T 0 have a suflicient currency was, as we have seen, the great provincial point; and from the facts already stated, it is sufiiciently clear, that the proprietary-concurrence therewith was not to be obtained, but upon such terms as even silver and gold could never be worth. The loan-ofiice, which was in the hands of the assembly, was still considered as an over balance for the land-oflice, in the hands of the proprietary, though they never came into competition, and no henefit could any way result to the province, but the propri-. etaries were sure to have their share of it. »

What encouragement the near prospect of a war furnished to either; and what use was made of it; and at whose door the obstructions given to the public service are to be laid, will best be deduced from the sequel.

, With the consideration of the state‘ of their commerce and the accumulated proofs resulting therefrom, that with the increase of their currency, the trade of the province, as well by importationsyfrom England as the exportations of their own product, had amazingly increased, the assembly opened their sessions in February, 1754'; and taking in also the consideration of their currency with it, came to the following unanimous resolutions. To wit. _

‘ T hat it is necessary that the paper-money of this province should be re-emitted‘for a farther time. .

‘ That there is a necessity of a farther addition to the paper-money at present current by law within this province.

‘That there is a necessity, that a sum should be struck to

r"- '

exchange the ragged and torn bills now current by law in_ ths province.’

Upon which resolutions, they afterwards ordered in a bill for striking forty thousand pounds, to be made current and emitted on loan, and for re-emitting and continuing the currency of the bills already in circulation; and on the other hand, the governor sent them down a written message, _accompanied with a letter to himself from the Earl of Holdernesse, a second from the lords of trade, and a third from the French commandant on the Ohio to Mr. Dinwiddie, deputy governor of Virginia.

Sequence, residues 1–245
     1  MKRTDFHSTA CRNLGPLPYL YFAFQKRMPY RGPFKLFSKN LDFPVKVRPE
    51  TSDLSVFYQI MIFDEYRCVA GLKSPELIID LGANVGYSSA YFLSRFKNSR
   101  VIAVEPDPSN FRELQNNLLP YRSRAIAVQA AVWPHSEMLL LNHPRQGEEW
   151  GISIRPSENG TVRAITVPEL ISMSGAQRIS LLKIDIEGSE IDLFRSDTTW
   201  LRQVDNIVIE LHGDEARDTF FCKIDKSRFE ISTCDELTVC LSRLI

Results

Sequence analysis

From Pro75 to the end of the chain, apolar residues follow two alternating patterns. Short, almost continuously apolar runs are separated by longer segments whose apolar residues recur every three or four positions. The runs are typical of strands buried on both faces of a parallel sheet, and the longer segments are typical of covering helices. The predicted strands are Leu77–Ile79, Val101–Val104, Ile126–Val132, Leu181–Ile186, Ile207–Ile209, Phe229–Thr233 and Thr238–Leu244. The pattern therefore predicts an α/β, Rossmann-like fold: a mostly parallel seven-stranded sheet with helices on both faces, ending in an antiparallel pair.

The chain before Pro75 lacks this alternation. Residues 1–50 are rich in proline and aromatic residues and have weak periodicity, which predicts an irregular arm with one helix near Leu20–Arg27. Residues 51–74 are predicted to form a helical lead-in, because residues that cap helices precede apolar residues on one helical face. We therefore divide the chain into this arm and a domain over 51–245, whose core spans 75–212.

The Earl of Holdernesse’s letter was dated August 28, 1753, and as it may be presumed, was nearly the same with the other letters, sent at the same time, to the governors of the other provinces.

The contents of it were, “That his majesty having received information of the march of a considerable number of Indians, supported by some regular European troops, with an intention as it was apprehended, to commit some hostili-‘ ties on parts of his majesty’s dominions in America, his lordship had received the king’s commands to send him (the governor) intelligence thereof; as also to direct him, to use his utmost diligence to learn how far the same might be well grounded; and to put him upon his guard, that he might be ‘ at all events, in a condition to resist any hostile attempts that might be made upon any parts of. his majesty’s dominions within his government; and to direct him in the, king’s name, that in case the subjects of any foreign prince L or state should presume to make, any encroachments on the limits of his majesty’s dominions, or to erect forts on his majesty’s lands, or commit any other act of hostility, he was immediately to represent the injustice of such proceedings, and to require them forthwith to desist from any such unlawful undertaking; but if, notwithstanding such requisition, they should still persist hev was then to draw forth the armed force of the province, and to use his best endeavours to repel force by force. But as it was his majesty’s determination, not to be the aggressor, he